We reached the point where we said, Okay, we’re going to pivot entirely to online, which we did. And then we began to look at doing work outside. We looked around town and quickly discovered there wasn’t a venue where we could operate at the level we wanted to. That’s when we realized we had the capabilities to build an outdoor stage ourselves. We rented a rock ‘n’ roll rig with projectors and moving lights and built a theater on our front steps.
Then we had to identify shows and assemble artists and because of the tumultuous conversation around racial injustice, I found myself reaching back to the people of color that have worked here. E. Faye is a really good example. I had planned to do a show with her in 2021 and I had to call her and say, E. Faye, we can’t do the show. And she said, Oh, I know; but I have something for you and it will really work outside. She sends me the play [Cheryl L. West’s Fannie]. I immediately felt we’ve got to do it because it’s just so timely, boldly patriotic while still critical of ways America has fallen short. E. Faye already has a following here in town. She’s someone I admire and love as an artist.
Barnes: She knocked it out of the park.
Edwards: Through her, I met all these amazing Chicago artists that were so happy to come here. And they delivered.
We created our health-and-safety protocol through doing an outdoor Christmas show. We had to do it with five people under COVID conditions, very strict. Equity was not ready to sign off, but they said we could do it as a concert. They saw it and said, We’ll sign off on the next two—because we had created a template that they believed in and trusted.
The Christmas show was all local, fabulous people and it got the audience out. We decided we can go ahead with an all-outdoor season. Linda, being an expert on weather, said, We’ve got till the end of April. We’ve ended up with a season that is a diverse event. Not a single show we’re doing had anything to do with the 2021 season we had planned.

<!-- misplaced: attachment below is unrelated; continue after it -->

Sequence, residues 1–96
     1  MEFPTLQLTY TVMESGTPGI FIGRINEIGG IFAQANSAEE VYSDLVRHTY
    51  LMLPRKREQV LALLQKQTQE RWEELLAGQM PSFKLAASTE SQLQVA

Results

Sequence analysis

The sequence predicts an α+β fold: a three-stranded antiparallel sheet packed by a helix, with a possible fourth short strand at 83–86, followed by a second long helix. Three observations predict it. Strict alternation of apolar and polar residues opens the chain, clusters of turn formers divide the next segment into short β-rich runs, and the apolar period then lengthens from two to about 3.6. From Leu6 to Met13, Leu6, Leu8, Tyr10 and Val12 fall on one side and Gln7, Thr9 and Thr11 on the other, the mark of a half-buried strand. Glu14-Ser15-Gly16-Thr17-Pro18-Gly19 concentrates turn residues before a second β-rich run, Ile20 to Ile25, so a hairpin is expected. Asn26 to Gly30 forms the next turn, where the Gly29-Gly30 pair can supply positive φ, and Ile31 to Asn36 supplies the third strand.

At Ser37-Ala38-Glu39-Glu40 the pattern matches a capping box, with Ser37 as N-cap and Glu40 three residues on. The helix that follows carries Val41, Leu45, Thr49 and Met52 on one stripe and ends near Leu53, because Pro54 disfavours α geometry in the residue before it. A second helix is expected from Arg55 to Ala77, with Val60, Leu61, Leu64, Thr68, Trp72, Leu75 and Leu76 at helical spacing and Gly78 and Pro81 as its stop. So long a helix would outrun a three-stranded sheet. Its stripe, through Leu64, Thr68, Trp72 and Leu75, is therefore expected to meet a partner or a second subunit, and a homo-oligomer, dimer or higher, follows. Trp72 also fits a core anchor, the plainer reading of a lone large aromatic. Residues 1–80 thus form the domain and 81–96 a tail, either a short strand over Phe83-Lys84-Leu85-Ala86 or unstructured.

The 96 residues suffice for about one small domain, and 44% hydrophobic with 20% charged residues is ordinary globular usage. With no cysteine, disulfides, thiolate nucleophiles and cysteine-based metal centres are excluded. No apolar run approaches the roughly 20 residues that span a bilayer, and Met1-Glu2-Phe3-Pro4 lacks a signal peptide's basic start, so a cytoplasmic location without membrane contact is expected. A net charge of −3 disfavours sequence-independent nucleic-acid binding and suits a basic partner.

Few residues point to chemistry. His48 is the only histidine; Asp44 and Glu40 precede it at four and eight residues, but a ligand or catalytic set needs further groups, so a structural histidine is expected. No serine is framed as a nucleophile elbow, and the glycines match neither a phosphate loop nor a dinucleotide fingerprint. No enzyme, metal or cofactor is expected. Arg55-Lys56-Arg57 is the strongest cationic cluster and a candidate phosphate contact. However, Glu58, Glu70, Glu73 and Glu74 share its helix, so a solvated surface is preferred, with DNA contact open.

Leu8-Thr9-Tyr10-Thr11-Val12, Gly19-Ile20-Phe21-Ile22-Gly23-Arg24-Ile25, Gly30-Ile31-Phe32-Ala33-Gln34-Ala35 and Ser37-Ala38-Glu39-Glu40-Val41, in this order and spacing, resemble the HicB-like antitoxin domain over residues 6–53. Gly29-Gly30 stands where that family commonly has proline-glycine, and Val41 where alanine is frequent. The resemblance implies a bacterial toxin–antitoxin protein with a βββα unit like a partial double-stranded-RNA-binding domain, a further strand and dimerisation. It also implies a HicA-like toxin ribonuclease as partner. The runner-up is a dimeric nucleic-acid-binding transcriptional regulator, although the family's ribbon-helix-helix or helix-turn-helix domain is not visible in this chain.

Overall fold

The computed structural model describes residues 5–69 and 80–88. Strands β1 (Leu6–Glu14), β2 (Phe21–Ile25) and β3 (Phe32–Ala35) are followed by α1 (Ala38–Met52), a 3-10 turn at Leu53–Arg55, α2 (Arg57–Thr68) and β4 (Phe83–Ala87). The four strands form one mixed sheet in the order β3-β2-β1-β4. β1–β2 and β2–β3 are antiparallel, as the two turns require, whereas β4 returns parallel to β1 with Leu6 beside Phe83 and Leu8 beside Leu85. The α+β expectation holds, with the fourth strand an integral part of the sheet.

Then we had to inform the board: We’re going to do a season outdoors where we think the risk is pretty low, but for the first time we are asking you to sign off on a budget where we may not end up in the black. Unanimously, the board signed off on that. They said it’s more important that we do something, that we keep the brand alive, that we’re out there. Don’t worry too much about the deficit. When has an artistic leader ever been told that?
You guys are trendsetters. You have a model that can be exported around the country.
Edwards: Except we do have weather. Our weather is perfect right now, so we have to take advantage of that, combined with the government funding. With that money comes responsibility. The last time this level of federal funding happened in the arts was FDR. We have to rise to the occasion. We want to be an example of what happens when you give real funding to the arts. And what is undeniable is all the people that have been put back to work who are paying taxes, putting the money out into the community.
On the Suncoast Black Arts Collaborative panel I sat in on last night, you mentioned BIPOC participation in your company.
Edwards: BIPOC representation in our theater has been a priority for a long time, with varying degrees of success. When we did Evita, we made a commitment that it be a Latinx cast. A few years ago, we did a bilingual Hamlet in English and Spanish with a Latinx cast. We’re in Florida; for many people, their first language is Spanish and it’s important to us to make every effort to include them in our theater. We had diverse casts for our productions of The Music Man and the Crucible as well as others. We don’t really do anything now without some intentional kind of BIPOC representation.
However, in the category of BIPOC stories by BIPOC writers, we have fallen short. We don’t have the record of producing BIPOC writers that theaters in Washington, DC, would have.
Sarasota also has Westcoast Black Theatre [Troupe], with [Founder and Artistic Director] Nate Jacobs, and I’m careful not to do shows he wants to do because all of his shows are centered on the BIPOC experience and we use some of the same people. This is an ecosystem that has to work together.
I’m just so proud we have Westcoast Black Theatre here in Sarasota. It’s a critical part of what makes this community thrive.
We at Asolo Rep have become much more intentional with our IDEA work [Inclusion, Diversity, Equity, and Access] and our work on raising consciousness around these issues for ourselves, our staff, our board, and for our audiences. It’s challenging and exciting work.
Here’s a small but deeply rewarding example. Fannie all radiated out from E. Faye and Cheryl and [Director] Henry [Godinez] and Felton [Offard], the music director.
Originally, Felton played all the instruments himself when they did the abbreviated version of Fannie in Chicago, but he said, I’d love a band and I’d love them to be Black. And as soon as he made the request, we went, Of course. And it was a transformative experience for everyone involved. We are attempting at Asolo Rep to be part of meaningful change by being more open, more informed and aware and inviting all artists to advocate for each other.
A riveting E. Faye Butler lifts up Black history as Fannie Lou Hamer review of the outdoor Asolo Rep production by Malcolm Lewis Barnes
A challenge to theaters to reopen now—outdoors by Malcolm Lewis Barnes